vlogs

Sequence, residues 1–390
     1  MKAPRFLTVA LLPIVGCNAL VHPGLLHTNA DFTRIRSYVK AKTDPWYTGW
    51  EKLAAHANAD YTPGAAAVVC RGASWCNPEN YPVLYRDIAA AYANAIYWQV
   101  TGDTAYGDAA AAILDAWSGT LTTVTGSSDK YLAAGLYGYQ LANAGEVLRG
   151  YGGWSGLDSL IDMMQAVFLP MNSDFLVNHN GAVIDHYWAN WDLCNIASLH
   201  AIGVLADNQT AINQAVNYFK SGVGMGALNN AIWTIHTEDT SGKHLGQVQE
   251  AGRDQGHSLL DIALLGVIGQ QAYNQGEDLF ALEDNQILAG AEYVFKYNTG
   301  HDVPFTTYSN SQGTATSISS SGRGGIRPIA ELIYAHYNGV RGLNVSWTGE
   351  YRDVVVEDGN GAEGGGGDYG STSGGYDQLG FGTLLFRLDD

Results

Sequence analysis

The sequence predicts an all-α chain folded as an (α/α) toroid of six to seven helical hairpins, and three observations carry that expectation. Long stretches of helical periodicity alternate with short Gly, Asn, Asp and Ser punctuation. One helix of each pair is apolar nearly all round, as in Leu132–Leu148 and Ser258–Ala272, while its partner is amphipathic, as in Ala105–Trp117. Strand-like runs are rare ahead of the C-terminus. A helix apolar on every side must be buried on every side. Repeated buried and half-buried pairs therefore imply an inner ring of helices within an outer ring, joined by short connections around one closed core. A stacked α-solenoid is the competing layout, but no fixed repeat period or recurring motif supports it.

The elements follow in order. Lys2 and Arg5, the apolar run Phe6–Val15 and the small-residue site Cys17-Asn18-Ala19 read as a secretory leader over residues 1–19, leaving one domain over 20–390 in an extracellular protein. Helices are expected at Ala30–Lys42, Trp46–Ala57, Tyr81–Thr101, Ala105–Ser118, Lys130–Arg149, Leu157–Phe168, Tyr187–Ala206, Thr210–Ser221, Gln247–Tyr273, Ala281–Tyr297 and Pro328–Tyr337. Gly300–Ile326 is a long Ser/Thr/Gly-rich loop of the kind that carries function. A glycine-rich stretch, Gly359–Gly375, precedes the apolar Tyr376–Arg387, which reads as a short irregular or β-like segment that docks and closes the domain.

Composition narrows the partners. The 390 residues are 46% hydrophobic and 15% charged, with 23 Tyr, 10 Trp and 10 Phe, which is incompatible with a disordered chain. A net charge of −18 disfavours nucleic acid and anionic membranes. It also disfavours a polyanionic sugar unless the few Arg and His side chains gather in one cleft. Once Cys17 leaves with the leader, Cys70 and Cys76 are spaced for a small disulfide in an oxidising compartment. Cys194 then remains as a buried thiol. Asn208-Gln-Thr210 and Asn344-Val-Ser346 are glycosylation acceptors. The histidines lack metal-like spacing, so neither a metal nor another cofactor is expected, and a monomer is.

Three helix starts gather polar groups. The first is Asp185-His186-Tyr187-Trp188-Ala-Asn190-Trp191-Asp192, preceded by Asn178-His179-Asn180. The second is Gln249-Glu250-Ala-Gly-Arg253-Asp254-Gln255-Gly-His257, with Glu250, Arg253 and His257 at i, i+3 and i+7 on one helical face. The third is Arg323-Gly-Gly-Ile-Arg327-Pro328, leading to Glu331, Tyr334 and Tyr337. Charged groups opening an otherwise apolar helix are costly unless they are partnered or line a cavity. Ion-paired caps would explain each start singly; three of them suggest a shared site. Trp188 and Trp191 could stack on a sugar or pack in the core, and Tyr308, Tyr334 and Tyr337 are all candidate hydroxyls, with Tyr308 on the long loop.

thanks to facebook i was recently introduced to a modernization of pride and prejudice re-imagined and delivered twice a week via blog, the lizzie bennet diaries.  i began watching about 10 episodes in, and they recently published episode 54 (with a couple additional episodes in off shoots featuring Lydia and Charlotte).  a great blog was written highlighting the unique approach of a vlog to retell this story, and how it adds to lizzie’s prejudiced character.  with 54 episodes fans have been calling for Darcy to appear in an episode, something the producers have not done yet (they are in Hunsford, pre-first proposal).  despair of translators does an excellent job examining why not showing Darcy up to this point was a fantastical call by the producers, and where s/he feels Darcy should appear.  what i’m loving about this approach is the fan response, and the re-imagining of serial fiction delivery.  i am awed by fandom.  i’m working on a paper about romance fandom and the lengths women go to participate in their own fandom.  with this particular vlog, the producers are using facebook, youtube, tumblr, and now twitter (you can follow george wickham and mr collins on twitter).  while the twitter follower numbers are fairly low (under 50), the facebook and youtube fans are in the thousands.  100 or so facebook users like the videos each Monday and Thursday, with many also posting comments.  compared to the fandom that helped joss whedon get the Serenity movie made, these numbers are very low.  but, for serial vlogging, delivered twice a week, this is a large investment of time and effort by the fans, fans who essentially know how the story will turn out.  in addition, lizzie has several episodes where she answers fan questions (in the story of the vlog P&P is being told through lizzie’s diary vlog as part of a graduate research project – so the fan questions are questions for her diary vlog).  within these videos, lizzie thanks fans for their participation, encourages participation, and briefly discusses fanfic.  without breaking character, or derailing the story line, the producers have found ways to include fandom and reward fandom as part of their regular delivery.  they have found ways to allow fans to directly interact with some characters by creating twitter feeds for them.  they create vlogs to specifically address questions, concerns, comments left by the fans.  so while re-telling a classic (and obviously favorite story for many, myself included), modernizing it, and delivering it in serial vlog fashion, the lizzie bennet diaries also pays attention to their fan base to encourage continued fandom.  they’re able to empower the fan who chooses to participate.  so, when looking at vlogs, especially vlogs where we (the fans) know the outcome, it would appear that the producer holds all the power, creating their vision.  instead, it is the fans who hold the power, helping shape and shift how the vision is actually created and delivered simply by participating.  and it’s not just participating, it’s writing.  by writing, a comment, a tweet, a blog, the fan creates their power through writing their participation.

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